In the meantime, while burning scented candles and playing holiday music, I will offer incense to the memory of the albizias that were pointlessly sacrificed, destroying the view from my lanai and the habitat of a lot of birds. I know this seems all contradictory and conflicted. That's the nature of sacrifice.
I got kind of weepy this morning when I saw the maiden flight of Boeing's new big old jet airliner, the 787 "Dreamliner," innovatively made of a carbon-titanium composite, essentially plastic, not aluminum, expected to be more fuel efficient, thus environmentally friendly and cheaper to operate. The hint is the 57 carriers who have already ordered more than 800 of the $150-million planes MAY pass their savings on to consumers...yeah, right, we'll see. I only hope a little blip turns up in one of my 401(k) accounts -- there must be some Boeing in there somewhere. I am happy of course for the Boeing employees who have jobs building these things.
I was weepy partly because my late mother would have liked to have seen this; she wanted to be a pilot, (romatically inspired by Ameilia Earhart, St. Exupery, and the Spirit of St. Louis) trying to get licensed during the early years of WWII, to ferry trainers around from the Piper plant in Lock Haven near where she grew up. Her old-school mother, like a feudal tai tai, forbid it. When Grammy discovered what Mom was doing on those afternoons at the airfield, she insisted that Mom either pay rent or move out if she was going to do something so improper as to take flying lessons. (We never much talked about the details of her submission to her mother's wishes. Needless to say, I got away with a lot of impropriety in my fledgling years.) I still have her flight logs, just a few hours short of solo.
I never wanted to actually fly a plane, but I always have enjoyed traveling in them (generally,** prefering a train, really), nose-to-glass in window seats, something that I'm not sure my mother ever actually did as a commercial passenger. I'm pretty sure my first-ever flight was one she arranged for me in a DC-3, (the Underwood typewriter of aircraft) and through the years I enjoyed bigger and bigger planes, until the ultimate pleasure of the 747, (the airline equivalent of the IBM Correcting Selectric, both pinnacles of late 20th Century technological achievement) usually on cheap Korean Air flights to Hong Kong. I used to book flights for a petulant Hawaii–D.C. frequent flyer who always insisted on the 747, seat 1A, UPSTAIRS. A plane with a second floor! Since then, the 757, the 777, the ubiquitous 737s (short-hop planes, one of which tragically lost its top and a member of the cabin crew on a routine flight around the Islands) but more likely now, I find myself seated on the too-accurately named Airbuses. (Like Dell laptops? I'm carrying this analogy a little far, but the 787 may be a really snazzy MacBook Pro.) I've always suspected the A in A-300 stands for abominable...a French word.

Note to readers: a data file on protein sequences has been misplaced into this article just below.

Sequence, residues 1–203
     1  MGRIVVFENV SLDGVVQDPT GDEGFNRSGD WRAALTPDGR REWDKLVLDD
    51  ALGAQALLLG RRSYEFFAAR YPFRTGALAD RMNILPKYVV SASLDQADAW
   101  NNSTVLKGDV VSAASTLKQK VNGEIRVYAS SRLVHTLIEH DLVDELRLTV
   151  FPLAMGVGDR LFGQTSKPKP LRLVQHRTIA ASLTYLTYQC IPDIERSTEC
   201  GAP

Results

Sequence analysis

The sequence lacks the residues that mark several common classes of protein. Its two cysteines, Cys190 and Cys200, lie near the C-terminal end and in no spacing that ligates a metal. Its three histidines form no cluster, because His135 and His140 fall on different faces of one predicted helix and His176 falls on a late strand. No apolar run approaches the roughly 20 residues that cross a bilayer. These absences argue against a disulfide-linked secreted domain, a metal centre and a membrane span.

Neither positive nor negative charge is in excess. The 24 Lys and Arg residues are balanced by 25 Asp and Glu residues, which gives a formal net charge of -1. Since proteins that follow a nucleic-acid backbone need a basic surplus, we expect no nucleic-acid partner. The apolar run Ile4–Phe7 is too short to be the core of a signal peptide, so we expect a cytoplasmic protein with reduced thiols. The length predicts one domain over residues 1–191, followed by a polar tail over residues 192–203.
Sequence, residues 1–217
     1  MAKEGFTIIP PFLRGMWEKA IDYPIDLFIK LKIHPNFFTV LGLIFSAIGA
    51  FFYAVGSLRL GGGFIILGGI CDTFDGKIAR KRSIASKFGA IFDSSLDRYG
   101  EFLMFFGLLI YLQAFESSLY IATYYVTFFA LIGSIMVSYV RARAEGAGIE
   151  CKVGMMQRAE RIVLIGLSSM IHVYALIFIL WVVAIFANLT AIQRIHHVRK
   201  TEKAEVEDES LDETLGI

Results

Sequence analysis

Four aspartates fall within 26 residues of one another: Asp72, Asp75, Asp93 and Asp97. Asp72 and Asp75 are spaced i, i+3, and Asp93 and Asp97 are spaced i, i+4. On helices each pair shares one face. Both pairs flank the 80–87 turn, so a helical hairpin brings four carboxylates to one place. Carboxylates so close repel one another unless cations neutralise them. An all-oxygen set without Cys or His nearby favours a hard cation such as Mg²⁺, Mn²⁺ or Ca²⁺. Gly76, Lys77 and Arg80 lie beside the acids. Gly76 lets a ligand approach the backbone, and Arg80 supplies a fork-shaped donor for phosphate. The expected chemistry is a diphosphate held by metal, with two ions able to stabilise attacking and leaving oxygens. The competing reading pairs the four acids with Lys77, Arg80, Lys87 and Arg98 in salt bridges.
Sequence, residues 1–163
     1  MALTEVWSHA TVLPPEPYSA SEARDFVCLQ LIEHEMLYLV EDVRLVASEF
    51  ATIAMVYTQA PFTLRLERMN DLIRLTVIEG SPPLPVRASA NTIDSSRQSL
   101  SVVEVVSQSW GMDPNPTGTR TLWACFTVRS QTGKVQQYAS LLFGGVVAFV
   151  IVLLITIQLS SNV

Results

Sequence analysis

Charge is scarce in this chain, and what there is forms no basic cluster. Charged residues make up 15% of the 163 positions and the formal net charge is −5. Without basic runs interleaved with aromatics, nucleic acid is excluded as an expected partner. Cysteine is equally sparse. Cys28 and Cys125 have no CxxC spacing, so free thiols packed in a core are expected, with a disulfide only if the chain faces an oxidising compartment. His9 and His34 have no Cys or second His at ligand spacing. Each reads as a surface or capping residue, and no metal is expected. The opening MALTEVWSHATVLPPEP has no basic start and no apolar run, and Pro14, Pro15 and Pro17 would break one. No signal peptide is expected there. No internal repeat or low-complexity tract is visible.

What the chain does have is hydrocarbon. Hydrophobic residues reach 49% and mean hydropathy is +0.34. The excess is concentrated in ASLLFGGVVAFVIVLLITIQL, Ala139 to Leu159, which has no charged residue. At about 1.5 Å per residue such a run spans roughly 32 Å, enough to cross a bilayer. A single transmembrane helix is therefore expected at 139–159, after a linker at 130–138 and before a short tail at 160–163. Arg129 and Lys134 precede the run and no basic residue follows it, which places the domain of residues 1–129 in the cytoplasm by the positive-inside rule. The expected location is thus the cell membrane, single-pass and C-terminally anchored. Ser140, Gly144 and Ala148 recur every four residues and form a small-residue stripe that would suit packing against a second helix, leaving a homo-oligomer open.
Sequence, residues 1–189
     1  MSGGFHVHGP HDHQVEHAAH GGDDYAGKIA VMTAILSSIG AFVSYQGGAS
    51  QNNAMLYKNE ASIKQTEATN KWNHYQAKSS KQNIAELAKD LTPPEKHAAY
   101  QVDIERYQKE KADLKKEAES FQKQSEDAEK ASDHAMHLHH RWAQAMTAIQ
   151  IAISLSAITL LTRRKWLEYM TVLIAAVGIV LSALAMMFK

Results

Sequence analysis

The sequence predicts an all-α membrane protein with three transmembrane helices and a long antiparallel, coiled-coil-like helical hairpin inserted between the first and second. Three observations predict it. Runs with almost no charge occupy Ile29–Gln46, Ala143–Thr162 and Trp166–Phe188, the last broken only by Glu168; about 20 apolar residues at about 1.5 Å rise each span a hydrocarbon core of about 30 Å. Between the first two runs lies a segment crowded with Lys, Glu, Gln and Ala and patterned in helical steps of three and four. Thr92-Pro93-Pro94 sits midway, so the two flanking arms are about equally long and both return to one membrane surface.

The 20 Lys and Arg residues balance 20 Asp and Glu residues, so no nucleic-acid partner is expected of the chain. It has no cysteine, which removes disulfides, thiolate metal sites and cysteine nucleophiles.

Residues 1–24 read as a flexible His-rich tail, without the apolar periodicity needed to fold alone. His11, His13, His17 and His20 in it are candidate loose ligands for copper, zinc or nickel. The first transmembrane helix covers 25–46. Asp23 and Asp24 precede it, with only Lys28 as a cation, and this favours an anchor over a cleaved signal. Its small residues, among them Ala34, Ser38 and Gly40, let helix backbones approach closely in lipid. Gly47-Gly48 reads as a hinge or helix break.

Boeing always sounds sort of romantic..."big 707 set to go" scans a lot more poetically than "L-1011" or "A-300 Airbus". And I always assumed the "big old jet airliner" was a 747. I'm just wondering how Airbus will respond to this new challenge of Boeing's. Will they devise...a paper airplane? They could recycle it, that's environmentally friendly. And then when booking our tickets on-line, we could get to choose our equipment: paper or plastic?
**Once I woke up in a 747 with a cold brown liquid dripping on me, apparently from the overhead luggage compartment; it was very disturbing. Turned out it was coffee from the upstairs coffee maker which had "malfunctioned," as they say.
Been trying to catch the Christmas wave, but it's not that easy in Hawaii. (Well, some waves are, and we've been having some BIG ones.) The commercial shopping stuff fails to light my candle, there are no strong seasonal weather cues, except maybe the big waves...so I turn to music.
Amazon just delivered Bob Dylan's Christmas album to my mailbox, so fast, the appearance of which I predicted (like John the Baptist predicting the Messiah) many years ago...just wait, I said, someday he's gonna...and he did. I think it fits in the baby-boomer nostalgia spectrum somewhere around Polar Express. (If I wasn't deep in a TVB drama, I might watch that movie tonight. I'll save it for Christmas Eve.)